It would be a perfect world if all our employers would throw extra pay at us just for tying the knot, and the U.S. military does come close. No, the federal government won't give you a pay raise just for getting married. It won't give you "military marriage pay," but it does the next best thing. It gives servicemembers more of a housing allowance when they add a dependent, and yes, a spouse is considered a dependent. It offers a few other perks as well.
The Basic Allowance for Housing
Technically, there's no difference in military pay married versus single, but tying the knot does affect the "Basic Allowance for Housing" entitlement that's provided to servicemembers to defray the costs of keeping a roof over their heads. It pays for a portion of rent, mortgage and some utilities, and it can be adjusted upward when you get married.
This "BAH" entitlement increases a bit when you add a dependent, even if your spouse or your other dependent doesn't live at your duty station with you. In fact, adding a dependent is the only way to increase your BAH benefits. Unfortunately, this is a one-time event. You don't get another increase whenever you and your spouse add another dependent, such as if you have a child.
The extra money is included in your biweekly pay, much like a raise, and it covers 95 percent of your housing costs, not counting renters' insurance. And here's more good news: You'll still receive what you were initially getting if this rate is adjusted downward, but you'll get more if the rate goes up.
Some service members also receive cost-of-living adjustments, or COLAs. Unlike the BAH entitlement, this increases with every dependent you have. It will bump up when you marry, and it will bump up with each child you have, but it's limited to military members who are assigned overseas or to areas with a higher-than-usual cost of living.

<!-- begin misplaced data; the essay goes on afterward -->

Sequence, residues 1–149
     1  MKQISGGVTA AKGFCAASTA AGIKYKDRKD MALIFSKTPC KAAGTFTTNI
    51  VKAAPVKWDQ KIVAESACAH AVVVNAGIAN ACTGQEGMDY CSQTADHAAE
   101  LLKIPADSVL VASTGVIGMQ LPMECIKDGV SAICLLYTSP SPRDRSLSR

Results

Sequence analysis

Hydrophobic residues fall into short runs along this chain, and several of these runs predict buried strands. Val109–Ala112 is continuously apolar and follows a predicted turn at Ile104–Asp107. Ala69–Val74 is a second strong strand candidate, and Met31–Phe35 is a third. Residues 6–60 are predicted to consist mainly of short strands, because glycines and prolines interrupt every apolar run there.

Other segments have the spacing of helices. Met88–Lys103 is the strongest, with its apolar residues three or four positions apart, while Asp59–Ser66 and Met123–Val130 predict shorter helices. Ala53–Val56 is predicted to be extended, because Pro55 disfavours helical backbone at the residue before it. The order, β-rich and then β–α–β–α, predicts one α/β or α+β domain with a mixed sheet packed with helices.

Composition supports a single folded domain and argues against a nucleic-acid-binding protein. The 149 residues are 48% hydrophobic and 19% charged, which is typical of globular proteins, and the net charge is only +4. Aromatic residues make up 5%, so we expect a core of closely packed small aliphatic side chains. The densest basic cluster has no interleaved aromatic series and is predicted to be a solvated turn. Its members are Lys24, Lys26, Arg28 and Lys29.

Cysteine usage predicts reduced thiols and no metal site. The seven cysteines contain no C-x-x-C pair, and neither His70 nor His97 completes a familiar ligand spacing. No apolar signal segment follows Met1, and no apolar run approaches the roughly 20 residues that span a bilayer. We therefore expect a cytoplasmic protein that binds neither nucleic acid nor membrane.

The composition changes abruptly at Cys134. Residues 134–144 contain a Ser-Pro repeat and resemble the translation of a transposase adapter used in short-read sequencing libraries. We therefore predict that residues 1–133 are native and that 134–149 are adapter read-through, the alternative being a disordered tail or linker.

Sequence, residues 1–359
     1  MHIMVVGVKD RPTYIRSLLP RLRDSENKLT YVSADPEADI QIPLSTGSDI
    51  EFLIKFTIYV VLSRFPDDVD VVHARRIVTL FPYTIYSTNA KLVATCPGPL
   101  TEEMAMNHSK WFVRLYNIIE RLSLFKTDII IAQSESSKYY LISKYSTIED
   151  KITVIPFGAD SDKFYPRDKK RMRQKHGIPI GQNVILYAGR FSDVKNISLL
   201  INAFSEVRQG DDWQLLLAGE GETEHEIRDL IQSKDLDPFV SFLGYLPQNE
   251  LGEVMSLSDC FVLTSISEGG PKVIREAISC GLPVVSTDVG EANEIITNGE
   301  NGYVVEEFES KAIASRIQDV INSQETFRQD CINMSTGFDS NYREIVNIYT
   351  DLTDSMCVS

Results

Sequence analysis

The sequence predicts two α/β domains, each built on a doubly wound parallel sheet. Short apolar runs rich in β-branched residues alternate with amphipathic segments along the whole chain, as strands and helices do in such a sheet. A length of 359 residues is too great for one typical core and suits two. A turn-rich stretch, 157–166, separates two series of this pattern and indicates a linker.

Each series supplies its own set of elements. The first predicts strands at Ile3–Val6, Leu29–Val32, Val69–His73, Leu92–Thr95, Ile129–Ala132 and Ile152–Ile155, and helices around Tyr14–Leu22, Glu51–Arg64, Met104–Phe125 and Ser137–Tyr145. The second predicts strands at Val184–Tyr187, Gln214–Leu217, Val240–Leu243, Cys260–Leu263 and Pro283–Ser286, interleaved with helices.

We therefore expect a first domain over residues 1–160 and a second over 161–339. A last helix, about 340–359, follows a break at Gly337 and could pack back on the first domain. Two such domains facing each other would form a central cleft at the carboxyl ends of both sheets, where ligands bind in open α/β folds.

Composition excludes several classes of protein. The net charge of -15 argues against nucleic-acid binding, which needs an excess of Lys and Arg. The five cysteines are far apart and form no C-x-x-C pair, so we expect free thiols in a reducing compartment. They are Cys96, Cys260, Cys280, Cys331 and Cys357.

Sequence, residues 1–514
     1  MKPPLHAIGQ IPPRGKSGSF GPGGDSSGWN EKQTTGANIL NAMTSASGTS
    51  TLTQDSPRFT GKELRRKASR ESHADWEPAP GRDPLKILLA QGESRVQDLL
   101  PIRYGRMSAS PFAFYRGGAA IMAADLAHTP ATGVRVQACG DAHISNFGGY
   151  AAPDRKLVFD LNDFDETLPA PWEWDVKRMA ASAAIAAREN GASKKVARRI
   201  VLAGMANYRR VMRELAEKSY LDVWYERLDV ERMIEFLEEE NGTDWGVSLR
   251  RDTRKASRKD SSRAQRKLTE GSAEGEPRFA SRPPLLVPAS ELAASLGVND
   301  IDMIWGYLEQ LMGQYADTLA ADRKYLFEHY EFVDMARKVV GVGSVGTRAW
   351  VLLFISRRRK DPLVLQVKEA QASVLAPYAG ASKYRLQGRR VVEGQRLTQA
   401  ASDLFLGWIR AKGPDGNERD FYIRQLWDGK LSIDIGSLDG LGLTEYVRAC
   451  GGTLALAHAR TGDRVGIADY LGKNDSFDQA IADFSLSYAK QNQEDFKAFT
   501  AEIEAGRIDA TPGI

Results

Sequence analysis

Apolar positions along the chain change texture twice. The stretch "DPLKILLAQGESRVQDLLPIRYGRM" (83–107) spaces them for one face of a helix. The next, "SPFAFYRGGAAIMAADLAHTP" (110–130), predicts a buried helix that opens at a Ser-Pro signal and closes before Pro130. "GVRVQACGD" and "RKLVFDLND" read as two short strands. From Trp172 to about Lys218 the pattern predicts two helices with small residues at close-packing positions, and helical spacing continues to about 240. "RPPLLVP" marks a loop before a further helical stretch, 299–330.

Dual Military Couples
BAH entitlements are effectively doubled up for dual military or "mil-to-mil" couples – both spouses serve in the armed forces. Each spouse receives the basic BAH benefit without a dependent added on. Neither of them is considered a dependent who would earn the service member just a slight increase, but only one of them can claim a somewhat higher entitlement by adding a dependent child.
The military is also pretty generous with what's referred to as "non-monetary compensation" to help your paychecks stretch a little further. This basically translates to cheap shopping for essentials, and even for some not-so-essentials. Almost all bases have commissaries funded by the Defense Commissary Agency, and these stores are required to sell you goods at cost.
We're not just talking grocery stores here. Most bases also offer department stores that sell on the same discount basis, as well as gas stations and even liquor stores. Most purchases are tax-exempt as well.
This is on top of the "Basic Allowance for Sustenance," or BAS, that's also sometimes provided to service members to defray the costs of food and groceries, depending on where they're assigned.
Sign Up Your Spouse
Taking advantage of the extra BAH entitlement is as simple as adding your spouse's name to the Defense Enrollment Eligibility Reporting System, or DEERS. Your spouse will receive a military ID card, too, that provides for those commissary discounts.
- Military.com: Do We Get Military Marriage Pay?
- Military.com: Military Spouse and Family Benefits
- Military Money Manual: How Much Does Getting Married Increase Your Military Pay?
- MilitaryBenefits: Benefits of Dual-Military Couples
- Defense Finance and Accounting Service: Information for Military Members